• What Is Grace? The way to teach grace is to help children understand that God already loves us and we don’t have to earn His love. God gives us blessings we don’t deserve. It’s like getting a present when it’s not your birthday, or getting an A even though you got the answers wrong. One of my picture books Do You Love Me More? features a child who is trying to do everything right to earn God’s love. The mother finally explains to the child that God already loves him, but by doing good things we can show God that we love Him back.

 

  • What Is Faith? When teaching a concept such as faith, a writer needs to give examples of what that looks like, since concepts are concrete objects. Noah had faith when God told him to build a boat even though it had never rained. Abraham had faith when God told him to move to another country, even though God didn’t tell him where to go. Through sharing stories like these, children can learn what it means to have faith and trust in God.

Of course, there are many others Bible doctrines that young children can understand if they are taught with age-appropriate examples and kid-friendly language. Whether it’s kids’ devotionals, Bible story books, or picture books, writers can reach little children with big doctrines by using carefully chosen words—and that’s one of the challenges of writing for children!   

CrystalBowman100Crystal Bowman is a former preschool teacher, award-winning author, national speaker, and Mentor for MOPS (Mothers of Preschoolers). She has written more than 100 books for children, three books for women, numerous magazine articles, and Bible study materials. She also writes stories for Clubhouse Jr. magazine and lyrics for children’s piano music.

She has written books for many popular children’s series, such as Little Blessings, The Berenstain Bears, and I Can Read. She is the co-author of Our Daily Bread for Kids, Our Daily Bread for Preschoolers, My Mama and Me, and M is for Manger. She and her husband enjoy living in both Florida and Michigan (wherever the weather is best!)

 

 

 

 

Pam Halter & Kim Sponaugle Part 2

Pam Halter headshot

Pam Halter has been a children’s book author since 1995. She has published two picture books, Beatrice Loses Her Doll and Beatrice’s New Clothes (Concordia, 2001) . She was selected to attend the Highlights Whole Novel Workshop for Fantasy, May 2010, received Writer of the Year in 2014 at the Greater Philadelphia Christian Writers Conference, and won the Reader’s Choice Award in a short story contest hosted by Realm Makers and Brimstone Fiction in 2015. Pam also is a children’s book freelance editor and the children’s book editor for Fruitbearer Kids. http://www.pamhalter.com

 

Kim Sponaugle head shotKim Sponaugle is a graduate of The Art Institute of Philadelphia and began working for David C. Cook Publishing designing children’s curriculum and products. But she soon found her heart’s vocation in children’s illustration. In 2001, Kim illustrated her first picture book series Beatrice Loses Her Doll and Beatrice’s New Clothes with Concordia Publishing House. In 2007, Kim started Picture Kitchen Studio and has had the pleasure of interacting and working with both traditional publishers and self-published authors. She has illustrated more than 60 picture books is also a children’s book cover designer. http://www.picturekitchenstudio.com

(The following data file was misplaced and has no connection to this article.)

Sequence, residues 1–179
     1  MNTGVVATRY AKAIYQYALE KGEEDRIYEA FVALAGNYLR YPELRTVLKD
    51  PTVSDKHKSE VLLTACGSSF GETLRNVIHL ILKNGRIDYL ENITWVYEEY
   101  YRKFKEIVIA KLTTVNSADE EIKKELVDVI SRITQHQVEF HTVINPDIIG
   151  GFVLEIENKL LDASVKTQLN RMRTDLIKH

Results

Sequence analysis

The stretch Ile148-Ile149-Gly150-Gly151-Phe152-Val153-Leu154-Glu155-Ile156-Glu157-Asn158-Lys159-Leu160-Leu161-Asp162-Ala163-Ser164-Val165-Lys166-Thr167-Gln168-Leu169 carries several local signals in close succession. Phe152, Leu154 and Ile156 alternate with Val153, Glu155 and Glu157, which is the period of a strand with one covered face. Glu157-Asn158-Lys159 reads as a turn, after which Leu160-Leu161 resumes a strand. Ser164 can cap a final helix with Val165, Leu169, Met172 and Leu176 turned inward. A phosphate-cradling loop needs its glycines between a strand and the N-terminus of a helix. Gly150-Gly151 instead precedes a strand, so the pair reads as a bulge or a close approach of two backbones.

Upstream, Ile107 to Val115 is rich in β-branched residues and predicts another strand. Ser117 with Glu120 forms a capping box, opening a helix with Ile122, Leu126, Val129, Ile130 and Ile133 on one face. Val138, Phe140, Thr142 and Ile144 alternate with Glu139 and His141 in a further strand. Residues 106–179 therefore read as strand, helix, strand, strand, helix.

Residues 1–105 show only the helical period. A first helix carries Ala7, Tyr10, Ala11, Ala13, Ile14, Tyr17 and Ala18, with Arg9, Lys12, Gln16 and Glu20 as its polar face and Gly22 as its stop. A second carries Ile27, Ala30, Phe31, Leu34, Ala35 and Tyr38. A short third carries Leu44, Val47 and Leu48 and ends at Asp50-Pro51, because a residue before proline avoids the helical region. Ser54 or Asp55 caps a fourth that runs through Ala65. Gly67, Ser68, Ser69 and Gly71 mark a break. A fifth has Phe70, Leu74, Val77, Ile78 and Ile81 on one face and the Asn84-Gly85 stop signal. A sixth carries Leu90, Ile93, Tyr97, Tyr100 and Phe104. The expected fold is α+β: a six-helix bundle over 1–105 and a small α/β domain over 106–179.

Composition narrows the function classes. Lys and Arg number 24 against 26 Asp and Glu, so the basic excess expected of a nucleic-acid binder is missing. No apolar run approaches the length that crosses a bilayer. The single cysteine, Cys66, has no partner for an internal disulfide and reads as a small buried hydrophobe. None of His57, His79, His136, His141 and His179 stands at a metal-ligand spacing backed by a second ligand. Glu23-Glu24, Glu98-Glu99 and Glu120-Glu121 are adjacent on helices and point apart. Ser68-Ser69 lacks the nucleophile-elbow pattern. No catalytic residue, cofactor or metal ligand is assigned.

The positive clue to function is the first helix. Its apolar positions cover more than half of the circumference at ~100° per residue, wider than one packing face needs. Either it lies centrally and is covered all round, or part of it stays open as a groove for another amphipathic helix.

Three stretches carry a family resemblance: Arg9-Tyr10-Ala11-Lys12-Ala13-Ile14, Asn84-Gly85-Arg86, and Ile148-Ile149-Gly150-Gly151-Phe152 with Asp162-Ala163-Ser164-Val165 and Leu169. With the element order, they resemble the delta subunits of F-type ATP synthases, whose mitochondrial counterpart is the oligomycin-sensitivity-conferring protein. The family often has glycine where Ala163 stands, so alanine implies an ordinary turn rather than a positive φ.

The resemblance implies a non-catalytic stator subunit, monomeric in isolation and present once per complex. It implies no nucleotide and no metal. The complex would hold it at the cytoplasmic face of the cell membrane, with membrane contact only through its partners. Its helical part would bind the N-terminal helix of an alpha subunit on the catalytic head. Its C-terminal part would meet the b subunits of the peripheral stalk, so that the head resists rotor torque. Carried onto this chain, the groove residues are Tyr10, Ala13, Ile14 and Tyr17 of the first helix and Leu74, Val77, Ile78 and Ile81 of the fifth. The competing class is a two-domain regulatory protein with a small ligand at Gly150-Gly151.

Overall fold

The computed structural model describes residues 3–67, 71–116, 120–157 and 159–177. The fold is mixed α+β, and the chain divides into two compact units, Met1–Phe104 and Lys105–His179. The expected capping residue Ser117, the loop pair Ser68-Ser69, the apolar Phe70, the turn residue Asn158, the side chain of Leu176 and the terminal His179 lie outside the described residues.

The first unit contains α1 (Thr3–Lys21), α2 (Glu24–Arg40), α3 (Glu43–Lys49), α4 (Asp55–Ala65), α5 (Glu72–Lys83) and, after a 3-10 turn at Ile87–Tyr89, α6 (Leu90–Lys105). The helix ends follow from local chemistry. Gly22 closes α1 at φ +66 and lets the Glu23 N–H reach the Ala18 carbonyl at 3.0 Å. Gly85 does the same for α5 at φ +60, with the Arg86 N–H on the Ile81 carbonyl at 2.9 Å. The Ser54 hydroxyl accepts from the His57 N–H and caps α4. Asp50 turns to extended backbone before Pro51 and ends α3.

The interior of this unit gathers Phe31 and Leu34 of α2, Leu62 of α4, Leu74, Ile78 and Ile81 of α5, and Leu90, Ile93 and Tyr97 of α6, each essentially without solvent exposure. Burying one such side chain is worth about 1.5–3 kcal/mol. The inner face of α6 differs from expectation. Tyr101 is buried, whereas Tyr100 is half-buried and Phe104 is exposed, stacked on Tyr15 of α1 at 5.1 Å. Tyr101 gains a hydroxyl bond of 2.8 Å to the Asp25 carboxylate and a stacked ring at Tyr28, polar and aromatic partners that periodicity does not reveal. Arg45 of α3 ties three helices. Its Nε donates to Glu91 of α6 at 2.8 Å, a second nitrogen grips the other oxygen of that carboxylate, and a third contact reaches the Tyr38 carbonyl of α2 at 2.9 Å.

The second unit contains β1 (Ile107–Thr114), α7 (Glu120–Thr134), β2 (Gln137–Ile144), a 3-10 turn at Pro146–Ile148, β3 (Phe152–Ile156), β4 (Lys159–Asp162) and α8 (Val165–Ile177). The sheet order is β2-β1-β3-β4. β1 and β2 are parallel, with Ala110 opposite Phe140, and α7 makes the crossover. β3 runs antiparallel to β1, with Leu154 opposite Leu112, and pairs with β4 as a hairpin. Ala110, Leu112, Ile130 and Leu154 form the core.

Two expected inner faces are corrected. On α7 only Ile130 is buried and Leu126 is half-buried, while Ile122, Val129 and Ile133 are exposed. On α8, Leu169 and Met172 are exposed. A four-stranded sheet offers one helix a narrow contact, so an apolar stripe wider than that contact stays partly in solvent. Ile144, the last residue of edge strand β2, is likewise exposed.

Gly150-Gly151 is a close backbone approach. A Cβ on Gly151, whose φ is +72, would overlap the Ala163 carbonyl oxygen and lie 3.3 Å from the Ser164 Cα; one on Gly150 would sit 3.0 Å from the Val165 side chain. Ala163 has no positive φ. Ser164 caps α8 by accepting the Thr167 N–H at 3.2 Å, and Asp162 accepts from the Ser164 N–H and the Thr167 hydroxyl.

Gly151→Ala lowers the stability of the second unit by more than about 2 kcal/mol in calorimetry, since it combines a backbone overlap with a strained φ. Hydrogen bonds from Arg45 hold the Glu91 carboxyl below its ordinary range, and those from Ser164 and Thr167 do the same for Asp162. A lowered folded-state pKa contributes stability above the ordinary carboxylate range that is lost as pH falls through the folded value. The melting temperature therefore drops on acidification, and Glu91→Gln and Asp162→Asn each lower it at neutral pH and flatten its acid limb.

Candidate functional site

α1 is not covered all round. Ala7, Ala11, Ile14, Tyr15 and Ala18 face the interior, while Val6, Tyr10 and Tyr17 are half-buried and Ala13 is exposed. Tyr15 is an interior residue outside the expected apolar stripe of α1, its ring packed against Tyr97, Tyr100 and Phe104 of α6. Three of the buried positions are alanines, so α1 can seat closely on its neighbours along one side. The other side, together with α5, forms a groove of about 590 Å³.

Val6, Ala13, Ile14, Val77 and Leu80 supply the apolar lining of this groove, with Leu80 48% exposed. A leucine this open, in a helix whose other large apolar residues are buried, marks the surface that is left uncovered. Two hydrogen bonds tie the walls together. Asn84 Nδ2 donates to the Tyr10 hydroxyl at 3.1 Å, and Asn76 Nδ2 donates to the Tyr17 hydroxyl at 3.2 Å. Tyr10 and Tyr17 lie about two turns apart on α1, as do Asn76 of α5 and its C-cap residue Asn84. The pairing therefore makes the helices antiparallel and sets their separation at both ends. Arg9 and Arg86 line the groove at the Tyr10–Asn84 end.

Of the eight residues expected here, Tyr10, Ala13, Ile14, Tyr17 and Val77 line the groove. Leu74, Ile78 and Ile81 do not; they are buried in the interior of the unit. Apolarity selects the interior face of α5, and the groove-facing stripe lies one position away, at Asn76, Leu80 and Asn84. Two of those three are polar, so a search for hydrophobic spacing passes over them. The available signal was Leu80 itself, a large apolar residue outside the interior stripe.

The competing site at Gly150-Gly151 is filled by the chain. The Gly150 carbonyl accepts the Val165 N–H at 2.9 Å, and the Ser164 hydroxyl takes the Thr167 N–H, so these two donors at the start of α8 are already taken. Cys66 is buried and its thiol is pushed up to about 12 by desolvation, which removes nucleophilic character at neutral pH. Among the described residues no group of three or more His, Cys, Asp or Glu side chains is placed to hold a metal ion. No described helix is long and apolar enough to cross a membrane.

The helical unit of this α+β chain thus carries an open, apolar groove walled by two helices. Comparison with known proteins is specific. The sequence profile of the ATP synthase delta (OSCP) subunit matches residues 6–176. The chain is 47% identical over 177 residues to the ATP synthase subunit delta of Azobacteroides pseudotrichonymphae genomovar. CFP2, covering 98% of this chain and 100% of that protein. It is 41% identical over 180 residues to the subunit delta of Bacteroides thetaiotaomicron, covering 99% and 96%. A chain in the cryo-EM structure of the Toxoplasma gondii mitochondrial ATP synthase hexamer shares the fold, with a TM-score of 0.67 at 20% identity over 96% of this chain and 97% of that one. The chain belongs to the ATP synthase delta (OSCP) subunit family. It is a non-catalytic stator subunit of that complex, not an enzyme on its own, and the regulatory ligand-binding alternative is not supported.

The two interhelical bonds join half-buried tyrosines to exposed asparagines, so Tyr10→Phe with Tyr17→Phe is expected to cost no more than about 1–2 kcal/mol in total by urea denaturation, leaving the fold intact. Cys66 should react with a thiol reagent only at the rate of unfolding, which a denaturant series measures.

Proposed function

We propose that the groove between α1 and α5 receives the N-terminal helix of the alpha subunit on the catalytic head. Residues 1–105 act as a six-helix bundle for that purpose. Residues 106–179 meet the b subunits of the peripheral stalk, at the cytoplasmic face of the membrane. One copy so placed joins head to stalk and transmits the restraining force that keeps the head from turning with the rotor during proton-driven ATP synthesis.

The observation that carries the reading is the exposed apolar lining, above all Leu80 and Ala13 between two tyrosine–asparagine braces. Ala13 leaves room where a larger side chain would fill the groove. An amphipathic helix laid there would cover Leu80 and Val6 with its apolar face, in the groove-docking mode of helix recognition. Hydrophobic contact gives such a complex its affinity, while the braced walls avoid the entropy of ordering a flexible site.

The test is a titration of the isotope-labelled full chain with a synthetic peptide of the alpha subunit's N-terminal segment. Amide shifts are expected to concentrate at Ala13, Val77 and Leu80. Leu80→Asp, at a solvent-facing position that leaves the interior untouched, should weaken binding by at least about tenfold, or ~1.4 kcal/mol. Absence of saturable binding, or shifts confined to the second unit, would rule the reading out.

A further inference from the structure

Now, as promised last week we are sharing here our advice for anyone who is considering self-publishing a children’s picture book.

* Make sure you hire a good freelance editor. It’s not easy to write for kids. You have to take a 10,000 word kind of story and tell it in 700-800 words.

* Spend time with kids. You can’t write a story that will hold their attention if you don’t know what they like.

* Read LOTS of current picture books (public libraries are great for this). See what’s out there already. Figure out how you can tell the same old story in a fresh way. Get ideas for fresh and wonderful artwork.

* Spend the money for GREAT illustrations. Pictures are every bit as important as the story for a children’s book. Don’t skimp on them. If you don’t have enough money, wait to publish your story until you do. You won’t regret it.Storytime 3

* Read your story out loud. Have someone read it out loud to you. Picture books are meant to be read out loud. You’ll be amazed at what you hear.

* When you’re sure it’s ready, read it to a group of children. Kids are blatantly honest. My 7-year-old grandson thinks Willoughby is a wimp. Ha! But I’m not upset or worried. I know my story isn’t for every child.

* Writing/illustrating is mostly a solitary activity. Find or form a writers or artists group. There’s nothing like hanging out with creative people to help your writing and illustrating. It’s also good to have others you trust to bounce ideas off.

Willoughby cover - frontRemember that Kim and I are planning to offer mentoring workshops and weekends for picture book authors and illustrators. We’re hoping to start this fall.  Subscribe to my blog or Kim’s blog for updates.

www.pamhalter.com

www.picturekitchenstudio.com

Willoughby and the Terribly Itchy Itch is available through Amazon and at Fruitearer.com

Pam Halter & Kim Sponaugle Part 1

Pam Halter headshot